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I wanted leather bracers, but I didn't want to pay leather bracer prices. Craft foam is an affordable solution.

Supplies

Craft foam 12"x18" and 1/16" thick

Interfacing

Wood stain

• Varnish

Eyelets, 1/4" antique brass (many packs come with an eyelet setter)

Tools

• Scissors to cut paper, foam, and interfacing

• Iron to seal the foam

• Hammer to set eyelets

• Sewing machine (optional)

Safety

• Exercise proper scissor safety. No running, juggling, or the popular children's game Edward Scissorhands.

• Irons get extremely hot, make sure you're using an ironing board and don't burn yourself

Step 1: Craft Foam Bracers

Using copy paper, determine the size and shape. It will taper since your arm tapers. I taped a couple sheets of paper together, wrapped it around my arm, and cut it until the shape was right.

Consider whether it will be worn on your bare arm or if a shirt will be underneath. This will change the circumference. Once the pattern is final, trace it onto your craft foam. Scissors will cut through the foam easily. Use an iron or a heat gun to seal the foam. Go slow and be careful. The foam will darken when sealed. As soon as it darkens, it's sealed. Seal both sides. I used red foam and utilized wood stain for coloring. Shoe polish would also work for coloring. It took three coats of stain to get the right color. Try the stain on a scrap piece first to make sure it will look acceptable. Initial coats will be light, but additional coats will darken your color. Use varnish to seal the foam and your coloring.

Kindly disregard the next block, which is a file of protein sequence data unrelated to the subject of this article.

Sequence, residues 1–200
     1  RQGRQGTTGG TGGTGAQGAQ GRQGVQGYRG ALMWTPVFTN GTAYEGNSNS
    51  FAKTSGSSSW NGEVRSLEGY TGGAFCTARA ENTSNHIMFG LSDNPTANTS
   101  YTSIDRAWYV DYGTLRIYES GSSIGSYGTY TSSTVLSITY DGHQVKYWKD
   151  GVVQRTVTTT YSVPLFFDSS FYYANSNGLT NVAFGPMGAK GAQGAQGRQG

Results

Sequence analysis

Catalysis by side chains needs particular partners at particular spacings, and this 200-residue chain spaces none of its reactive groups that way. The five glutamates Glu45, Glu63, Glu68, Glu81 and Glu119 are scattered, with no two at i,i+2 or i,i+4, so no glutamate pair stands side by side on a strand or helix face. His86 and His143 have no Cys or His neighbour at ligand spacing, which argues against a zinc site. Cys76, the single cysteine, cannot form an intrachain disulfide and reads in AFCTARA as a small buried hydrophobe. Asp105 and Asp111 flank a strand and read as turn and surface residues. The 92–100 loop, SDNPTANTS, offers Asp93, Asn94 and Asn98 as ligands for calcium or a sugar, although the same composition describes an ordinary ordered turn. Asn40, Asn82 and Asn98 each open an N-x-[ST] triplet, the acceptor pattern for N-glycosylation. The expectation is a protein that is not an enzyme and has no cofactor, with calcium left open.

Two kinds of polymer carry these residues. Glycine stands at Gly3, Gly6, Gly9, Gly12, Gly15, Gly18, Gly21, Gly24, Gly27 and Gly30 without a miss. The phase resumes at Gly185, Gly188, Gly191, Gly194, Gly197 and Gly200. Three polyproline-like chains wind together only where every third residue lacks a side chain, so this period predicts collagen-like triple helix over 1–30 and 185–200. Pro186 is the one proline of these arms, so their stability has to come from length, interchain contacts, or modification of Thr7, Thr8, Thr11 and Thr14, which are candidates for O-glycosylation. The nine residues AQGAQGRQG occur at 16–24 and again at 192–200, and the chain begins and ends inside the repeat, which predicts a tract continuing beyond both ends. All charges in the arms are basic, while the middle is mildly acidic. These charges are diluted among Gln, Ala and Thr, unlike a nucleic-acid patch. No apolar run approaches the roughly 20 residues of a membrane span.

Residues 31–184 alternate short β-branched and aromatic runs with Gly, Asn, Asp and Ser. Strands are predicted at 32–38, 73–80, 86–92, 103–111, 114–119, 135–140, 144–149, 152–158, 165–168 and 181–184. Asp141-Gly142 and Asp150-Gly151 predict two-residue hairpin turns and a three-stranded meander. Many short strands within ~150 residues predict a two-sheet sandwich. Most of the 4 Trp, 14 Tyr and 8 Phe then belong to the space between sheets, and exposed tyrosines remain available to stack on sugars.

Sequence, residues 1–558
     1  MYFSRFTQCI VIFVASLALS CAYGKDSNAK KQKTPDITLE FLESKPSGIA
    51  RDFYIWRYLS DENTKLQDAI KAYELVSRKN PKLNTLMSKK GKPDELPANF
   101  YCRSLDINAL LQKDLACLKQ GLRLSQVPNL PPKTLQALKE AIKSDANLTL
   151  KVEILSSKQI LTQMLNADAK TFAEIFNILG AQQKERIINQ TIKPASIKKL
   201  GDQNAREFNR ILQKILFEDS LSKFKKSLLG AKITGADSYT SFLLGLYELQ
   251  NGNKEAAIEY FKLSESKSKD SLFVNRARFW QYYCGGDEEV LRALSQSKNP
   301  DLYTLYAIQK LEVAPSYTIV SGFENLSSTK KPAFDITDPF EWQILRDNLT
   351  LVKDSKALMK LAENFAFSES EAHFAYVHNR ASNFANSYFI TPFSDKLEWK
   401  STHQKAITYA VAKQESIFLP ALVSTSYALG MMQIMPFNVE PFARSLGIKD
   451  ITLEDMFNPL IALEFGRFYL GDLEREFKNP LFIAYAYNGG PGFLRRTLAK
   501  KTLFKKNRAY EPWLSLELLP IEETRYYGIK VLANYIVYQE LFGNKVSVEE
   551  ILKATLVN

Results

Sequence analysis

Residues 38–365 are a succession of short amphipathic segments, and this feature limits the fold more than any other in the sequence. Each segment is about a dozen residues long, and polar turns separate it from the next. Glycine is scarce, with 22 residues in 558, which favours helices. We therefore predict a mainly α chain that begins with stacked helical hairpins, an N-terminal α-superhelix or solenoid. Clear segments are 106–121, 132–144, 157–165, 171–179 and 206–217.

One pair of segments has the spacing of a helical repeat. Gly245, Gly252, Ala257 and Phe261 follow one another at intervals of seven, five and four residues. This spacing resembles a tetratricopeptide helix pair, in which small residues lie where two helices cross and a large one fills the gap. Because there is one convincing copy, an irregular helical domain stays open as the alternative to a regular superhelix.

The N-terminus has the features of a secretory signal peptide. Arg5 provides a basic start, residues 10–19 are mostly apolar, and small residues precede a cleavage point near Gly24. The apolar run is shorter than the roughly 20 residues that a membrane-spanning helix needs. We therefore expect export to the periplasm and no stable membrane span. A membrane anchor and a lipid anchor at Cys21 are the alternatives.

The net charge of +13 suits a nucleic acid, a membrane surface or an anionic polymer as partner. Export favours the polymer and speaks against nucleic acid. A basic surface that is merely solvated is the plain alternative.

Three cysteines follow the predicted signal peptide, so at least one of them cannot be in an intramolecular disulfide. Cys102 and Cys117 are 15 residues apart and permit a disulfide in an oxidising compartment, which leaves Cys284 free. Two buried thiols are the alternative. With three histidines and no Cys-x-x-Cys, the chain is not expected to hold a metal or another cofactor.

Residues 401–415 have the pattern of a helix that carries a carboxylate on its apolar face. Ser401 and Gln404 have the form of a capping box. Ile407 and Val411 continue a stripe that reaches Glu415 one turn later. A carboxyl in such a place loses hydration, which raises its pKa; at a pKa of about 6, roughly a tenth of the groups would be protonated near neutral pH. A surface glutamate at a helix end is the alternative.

I ironed interfacing onto the inside face of the bracer to provide support- the foam is flimsy. I ironed a second strip of interfacing at the eyelet location. I did not want the eyelets to tear the foam. I added 1" loops of interfacing at the elbow end of the bracer. The sleeve of another part of my costume will tie to the bracer. Depending on your application, you won't need this.

I outlined the bracer with stitching around the perimeter, with a double stitch at the eyelet location. The eyelet pack I purchased contained a setter. With a hammer I installed the eyelets. I used 12 eyelets per bracer. You could use more or fewer.

Eyelets are installed through the foam and interfacing. I used a leather hole punch, but you could use a hobby knife too, but take care to make your hole size accurate- too large and the eyelets won't work. Just cut a small 'X' at the eyelet location.

One note, make sure to align the eyelets on each side with each other. Mine are slightly off. It's a small detail and one I only notice, but you can prevent it now that I've told you.

With leather lacing to run through the eyelets, tie your bracers together. You're all set. It's a cheap substitute for leather and looks great considering the cost. I've had numerous people ask me where I got leather bracers. I've worn them a few times, and even with varnish the color has worn off slightly. Another coating of wood stain would renew the finish.

<p>nice result, I'm impressed! Thanks for this idea :)</p>
Thanks! Have fun =)
<p>Nice. Thanks!</p>
<p>nice:) I could use this technique. </p>

About This Instructable

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Bio: I like to create, no matter the medium. I've made furniture, digital models, costumes, props, videos, graphics, animations, restored a vehicle, etc.
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